Catch a Reader by the Hook – great first lines

You’re standing in front of a shelve of deliciously tempting books inside Barnes and Noble or Books a Million…or even the library. The smell of imagination cooking between fresh print pricks your curiosity and you scan the rows looking for a title or cover to push you from temptation to commitment. Finally, something snags your attention and you draw the book from the shelf, the promise of a tantalizing visit to otherworlds tingling through your body. (okay, maybe I’m the only one who gets this feeling, but I also write fantasy so it works for me.

You slide your hand across the silken cover dancing with brilliant colors and a magical picture, finally flipping to the first page.

Once upon a time….

It was a dark and stormy night…

It is a truth universally acknolwedged….

Either the book grips you in the first paragraph and delivers on its’ promises from the back cover, or you realize…this book is not for you.

So what makes a gripping first line…a first paragraph even?

Part of it has to do with personal preference, I know, but first lines have a tendency to draw us in, catch us, and then hook us like a fish in the water.

With this thought in mind, I’ve listed a few ‘first lines’ in books (old and new) as an example. See what you think.

“Scarlet O’Hara was not beautiful, but men seldom realized it when caught by her charm, as the Tarleton twins were.” – Gone With the Wind

“Whether I shall turn out to be the hero of my own life, or whether that station will be held by anybody else, these pages must show.” David Copperfield

“I have just returned from a visit to my landlord – the solitary neighbour that I shall be troubled with.” – Wuthering Heights by Emily Bronte

“A gentle breeze from the north-east after a night of rain, and the washed sky over Malta had a particular quality in its light that sharpened the lines of the noble buildings, bringing out all the virtue of the stone; the air too was a delight to breathe, and the city of Valletta was as cheerful as though it were fortunate in love or as though it had suddenly heard good news.” – Treason’s Harbor by Patrick O’Brian

“Mr. and Mrs. Dursley, of number four, Privet Drive, were proud to say that they were perfectly normal, thank you very much.” – Harry Potter and the Sorcerer’s Stone by J.K. Rowling

“A long time ago, when all the grandfathers and grandmothers of today were little boys and little girls or very small babies, or perhaps not even born, Pa and Ma and Mary and Laura and Baby Carrie left their little house in the Big Woods of Wisconsin. They drove away and left it lonely and empty in the clearing among the big trees, and they never saw that little house again.” Little House on the Prairie by Laura Ingalss Wilder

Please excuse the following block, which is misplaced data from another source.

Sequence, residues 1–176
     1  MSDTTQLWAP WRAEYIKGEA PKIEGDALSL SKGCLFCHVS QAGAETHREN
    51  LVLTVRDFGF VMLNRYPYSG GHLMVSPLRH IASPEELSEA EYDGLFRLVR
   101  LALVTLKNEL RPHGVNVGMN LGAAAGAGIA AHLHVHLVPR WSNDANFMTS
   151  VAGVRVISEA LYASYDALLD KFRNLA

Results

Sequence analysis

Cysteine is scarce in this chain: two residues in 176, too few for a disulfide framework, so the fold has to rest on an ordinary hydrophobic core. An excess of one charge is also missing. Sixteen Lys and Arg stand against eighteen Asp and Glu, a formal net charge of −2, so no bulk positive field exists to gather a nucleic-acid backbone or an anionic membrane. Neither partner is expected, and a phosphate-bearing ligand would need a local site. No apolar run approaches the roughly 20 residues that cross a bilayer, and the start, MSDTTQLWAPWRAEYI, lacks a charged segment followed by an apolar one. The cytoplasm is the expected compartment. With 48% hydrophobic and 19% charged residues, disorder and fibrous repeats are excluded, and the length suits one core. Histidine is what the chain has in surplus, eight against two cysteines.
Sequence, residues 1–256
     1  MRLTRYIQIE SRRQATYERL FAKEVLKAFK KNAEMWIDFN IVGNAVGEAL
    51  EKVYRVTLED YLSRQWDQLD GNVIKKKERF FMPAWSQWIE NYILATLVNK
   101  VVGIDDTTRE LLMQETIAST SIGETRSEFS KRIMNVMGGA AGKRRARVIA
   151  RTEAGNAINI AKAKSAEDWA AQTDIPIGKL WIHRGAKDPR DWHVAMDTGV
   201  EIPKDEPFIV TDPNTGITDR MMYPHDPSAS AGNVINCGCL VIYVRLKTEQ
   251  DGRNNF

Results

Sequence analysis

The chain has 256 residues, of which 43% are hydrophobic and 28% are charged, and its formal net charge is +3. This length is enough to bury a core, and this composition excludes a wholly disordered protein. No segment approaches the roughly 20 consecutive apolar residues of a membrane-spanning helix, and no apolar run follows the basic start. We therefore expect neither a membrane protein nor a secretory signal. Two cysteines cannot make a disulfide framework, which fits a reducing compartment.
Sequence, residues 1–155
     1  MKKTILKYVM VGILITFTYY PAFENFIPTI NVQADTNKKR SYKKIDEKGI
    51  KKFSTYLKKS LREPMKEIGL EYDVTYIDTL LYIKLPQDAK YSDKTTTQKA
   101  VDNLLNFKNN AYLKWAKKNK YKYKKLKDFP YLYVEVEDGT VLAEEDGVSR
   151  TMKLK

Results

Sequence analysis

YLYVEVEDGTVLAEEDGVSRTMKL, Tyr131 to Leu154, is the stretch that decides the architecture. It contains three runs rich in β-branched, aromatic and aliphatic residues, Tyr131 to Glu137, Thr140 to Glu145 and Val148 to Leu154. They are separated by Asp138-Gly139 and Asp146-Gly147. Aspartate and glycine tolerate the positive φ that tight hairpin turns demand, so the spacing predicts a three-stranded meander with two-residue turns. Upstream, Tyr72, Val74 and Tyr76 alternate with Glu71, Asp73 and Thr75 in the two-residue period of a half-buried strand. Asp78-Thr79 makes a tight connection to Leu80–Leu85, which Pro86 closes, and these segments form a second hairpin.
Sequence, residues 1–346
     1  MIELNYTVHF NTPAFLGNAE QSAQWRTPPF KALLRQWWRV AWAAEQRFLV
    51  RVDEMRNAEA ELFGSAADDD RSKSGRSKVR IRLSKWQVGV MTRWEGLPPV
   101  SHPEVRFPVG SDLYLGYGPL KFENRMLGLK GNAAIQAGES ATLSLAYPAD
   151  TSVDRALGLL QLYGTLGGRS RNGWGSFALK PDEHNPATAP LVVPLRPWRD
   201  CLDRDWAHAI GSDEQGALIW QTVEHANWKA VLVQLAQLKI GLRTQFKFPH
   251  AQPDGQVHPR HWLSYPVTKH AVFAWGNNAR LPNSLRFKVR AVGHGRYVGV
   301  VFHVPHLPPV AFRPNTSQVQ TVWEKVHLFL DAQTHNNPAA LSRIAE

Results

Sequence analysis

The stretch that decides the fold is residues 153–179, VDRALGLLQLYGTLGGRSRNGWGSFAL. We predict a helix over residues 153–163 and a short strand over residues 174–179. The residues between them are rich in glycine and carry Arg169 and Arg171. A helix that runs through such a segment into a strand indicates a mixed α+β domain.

“There is no lake at Camp Green Lake.”  Holes by Louis Sachar

Now for some Christian Fiction examples How do they compete?

“Oh, to be a calculating woman!” Julie Lessman’s A Passion Denied

“Nice girl gone bad. That’s me: Claire Le Noyer.” Kissing Adrien by Siri Mitchell

“Nothing like running late to make a wonderful first impression.” Stand-In Groom by Kaye Dacus

“The day was gray and cold, mildly damp. Perfect for magic.” The Book of Names by D. Barkley Briggs

“Breathe not a word of my visit, Jean. not to a soul.” Thorn in my Heart by Liz Curtis Higgs

Bran!” The shout rattled through the stone-flagged yard. “Bran! Get your sorry tail out here! We’re leaving!” Hood by Stephen Lawhead

“Dragon riding isn’t all it’s cracked up to be,” Ashley grumbled. Enoch’s Ghost by Bryan Davis.

“Belle Tanner pitched dirt right on Anthony’s handsome, worthless face.” The Husband Tree by Mary Connealy

“They were coming. They were coming! Christophe shoves his little sister, twelve-year old Emile, through a hidden door in the wall, quickly following her.” Love’s First Light by Jamie Carie

Now, interestingly enough, these examples have something in common: They are out to get your attention BUT they use different means to get it.

– Some draw in the reader with ACTION. You enter the story in motion and are swept into the pages.

– Some use INTRIGUE…something’s ‘not quite right’, so your curiousity is peaked.

– Some use HUMOR and brings you in with a smile.

– Others use the UNEXPECTED – something is stated (kind of like intrigue) which is out of the ordinary so to keep from teetering on the brink of confusion, the reader must read on.

-Finally some capture you with WORDS, magically descriptive, palpable words which ensnare the senses.

Any way you choose to write it, SOMETHING has to happen in that first paragraph which captures the readers attention to keep them reading…wanting more, inescapably attracted…